Pulmonary infarct caused by dislodged phlebolith

Case contributed by Dr Matt Skalski


IV drug abuser with shortness of breath.

Patient Data

Age: 25
Gender: Male

The heart is moderately enlarged.

In the right middle lobe there is an opacified region near the midline, anteriorly. No calcification or air bronchograms are observed. 

Annotated image

The opacified area is outlined by the blue dotted line. 

There is a peripherally calcified structure within one of the segmental pulmonary arteries to the anterior right middle lobe with a distal wedge shaped area of reticularly opacified lung tissue. No evidence of significant airspace collapse. 

Annotated image

The phlebolith is indicated by the blue arrow. 

Case Discussion

The findings in this case are typical for a right middle lobe infarct; however, in this case it is secondary to an endovascular calcified structure within the adjacent vessel.  This may represent a congolomerate of cutting material such as talc, but given that it is more calcified periperhally, with a central medullary cavity, it is favored to represent a phlebolith. Presumably, given the patient's history of IV drug abuse, he may have dislodged a stable phlebolith into the venous system where it was able to travel back to and through the heart to embolize the lung. Quite bizarre.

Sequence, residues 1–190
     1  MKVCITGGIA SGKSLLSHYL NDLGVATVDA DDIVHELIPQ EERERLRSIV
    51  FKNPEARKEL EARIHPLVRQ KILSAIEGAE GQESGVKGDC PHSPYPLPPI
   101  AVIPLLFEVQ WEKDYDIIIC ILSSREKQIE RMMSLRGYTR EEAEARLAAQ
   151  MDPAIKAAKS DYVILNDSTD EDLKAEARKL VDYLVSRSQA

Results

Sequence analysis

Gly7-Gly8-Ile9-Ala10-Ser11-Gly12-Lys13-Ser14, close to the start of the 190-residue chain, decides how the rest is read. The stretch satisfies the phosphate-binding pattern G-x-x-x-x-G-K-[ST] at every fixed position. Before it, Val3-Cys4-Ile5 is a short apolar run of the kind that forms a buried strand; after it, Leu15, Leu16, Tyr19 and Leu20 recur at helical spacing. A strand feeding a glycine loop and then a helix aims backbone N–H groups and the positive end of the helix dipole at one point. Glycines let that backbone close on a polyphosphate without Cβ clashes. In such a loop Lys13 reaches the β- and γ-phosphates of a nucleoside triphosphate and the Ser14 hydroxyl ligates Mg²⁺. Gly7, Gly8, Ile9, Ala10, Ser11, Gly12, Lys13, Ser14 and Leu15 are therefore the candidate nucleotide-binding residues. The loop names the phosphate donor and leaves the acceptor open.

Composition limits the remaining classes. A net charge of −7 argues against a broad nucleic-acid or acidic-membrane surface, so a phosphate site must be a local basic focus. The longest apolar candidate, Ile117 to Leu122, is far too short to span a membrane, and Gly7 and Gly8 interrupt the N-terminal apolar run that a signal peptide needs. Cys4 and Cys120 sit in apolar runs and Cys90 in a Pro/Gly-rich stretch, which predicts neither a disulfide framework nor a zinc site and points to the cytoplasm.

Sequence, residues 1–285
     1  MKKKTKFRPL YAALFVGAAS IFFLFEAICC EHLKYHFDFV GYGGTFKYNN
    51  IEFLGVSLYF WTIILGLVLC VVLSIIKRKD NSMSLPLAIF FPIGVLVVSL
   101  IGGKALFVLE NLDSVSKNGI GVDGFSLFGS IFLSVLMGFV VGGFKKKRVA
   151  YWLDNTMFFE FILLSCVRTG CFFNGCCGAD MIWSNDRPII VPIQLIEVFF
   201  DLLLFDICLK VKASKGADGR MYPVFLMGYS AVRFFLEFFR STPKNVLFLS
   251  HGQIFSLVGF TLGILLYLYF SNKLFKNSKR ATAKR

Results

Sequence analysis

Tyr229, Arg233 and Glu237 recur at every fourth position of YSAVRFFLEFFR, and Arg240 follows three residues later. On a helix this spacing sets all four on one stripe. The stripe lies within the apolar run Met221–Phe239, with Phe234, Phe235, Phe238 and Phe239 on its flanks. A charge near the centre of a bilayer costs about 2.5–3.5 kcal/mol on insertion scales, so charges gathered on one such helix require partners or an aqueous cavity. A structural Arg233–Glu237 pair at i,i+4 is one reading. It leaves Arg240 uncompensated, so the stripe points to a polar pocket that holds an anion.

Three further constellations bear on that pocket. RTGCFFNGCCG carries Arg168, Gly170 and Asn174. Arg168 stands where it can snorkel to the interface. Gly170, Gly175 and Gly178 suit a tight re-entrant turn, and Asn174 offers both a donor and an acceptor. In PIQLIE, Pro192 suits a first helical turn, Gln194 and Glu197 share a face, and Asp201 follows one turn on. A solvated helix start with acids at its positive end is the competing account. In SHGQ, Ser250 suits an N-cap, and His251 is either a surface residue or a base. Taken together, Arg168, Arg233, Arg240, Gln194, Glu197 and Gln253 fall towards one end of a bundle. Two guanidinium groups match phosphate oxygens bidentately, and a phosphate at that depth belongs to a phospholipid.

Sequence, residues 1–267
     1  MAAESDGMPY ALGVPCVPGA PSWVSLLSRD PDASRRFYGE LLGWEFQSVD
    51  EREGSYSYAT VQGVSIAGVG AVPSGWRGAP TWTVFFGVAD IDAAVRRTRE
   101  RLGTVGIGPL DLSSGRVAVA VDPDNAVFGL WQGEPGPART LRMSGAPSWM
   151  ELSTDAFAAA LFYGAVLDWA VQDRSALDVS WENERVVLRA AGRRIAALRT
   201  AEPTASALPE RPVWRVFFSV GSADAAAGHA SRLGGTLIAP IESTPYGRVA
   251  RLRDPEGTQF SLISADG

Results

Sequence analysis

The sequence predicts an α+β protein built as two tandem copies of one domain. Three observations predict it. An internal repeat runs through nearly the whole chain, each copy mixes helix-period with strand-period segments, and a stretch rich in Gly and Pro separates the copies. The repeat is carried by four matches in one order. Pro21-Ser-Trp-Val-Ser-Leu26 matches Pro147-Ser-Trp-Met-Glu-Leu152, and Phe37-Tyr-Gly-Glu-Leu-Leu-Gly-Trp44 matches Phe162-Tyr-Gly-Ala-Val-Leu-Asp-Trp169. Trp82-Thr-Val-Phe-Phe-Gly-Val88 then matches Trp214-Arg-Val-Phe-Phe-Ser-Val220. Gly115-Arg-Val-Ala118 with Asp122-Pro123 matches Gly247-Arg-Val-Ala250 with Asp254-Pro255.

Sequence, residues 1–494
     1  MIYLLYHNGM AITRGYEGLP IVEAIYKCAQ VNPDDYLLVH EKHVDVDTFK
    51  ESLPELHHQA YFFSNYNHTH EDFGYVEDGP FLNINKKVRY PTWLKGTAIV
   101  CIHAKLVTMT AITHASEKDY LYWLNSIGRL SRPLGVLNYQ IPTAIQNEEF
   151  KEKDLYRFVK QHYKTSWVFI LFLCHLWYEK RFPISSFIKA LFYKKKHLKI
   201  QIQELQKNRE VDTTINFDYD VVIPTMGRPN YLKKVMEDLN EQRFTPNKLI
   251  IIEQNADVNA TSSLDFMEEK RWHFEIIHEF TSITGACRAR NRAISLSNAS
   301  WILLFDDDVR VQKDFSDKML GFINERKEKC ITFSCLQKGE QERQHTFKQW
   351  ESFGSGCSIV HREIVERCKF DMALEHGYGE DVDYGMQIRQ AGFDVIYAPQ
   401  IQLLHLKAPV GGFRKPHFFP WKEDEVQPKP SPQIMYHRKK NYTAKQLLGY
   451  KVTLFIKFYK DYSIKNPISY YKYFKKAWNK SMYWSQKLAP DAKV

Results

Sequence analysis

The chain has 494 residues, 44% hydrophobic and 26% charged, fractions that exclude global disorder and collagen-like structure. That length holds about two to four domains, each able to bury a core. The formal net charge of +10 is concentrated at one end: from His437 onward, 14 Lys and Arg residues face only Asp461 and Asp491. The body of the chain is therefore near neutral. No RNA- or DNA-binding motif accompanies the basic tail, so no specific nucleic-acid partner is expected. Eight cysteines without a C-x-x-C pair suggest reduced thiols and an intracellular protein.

This case is courtesy of Dr. Aaron Schein of USC, who generously shared it with me.

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Case information

rID: 34314
Published: 14th Feb 2015
Last edited: 14th Aug 2019
System: Chest
Inclusion in quiz mode: Included

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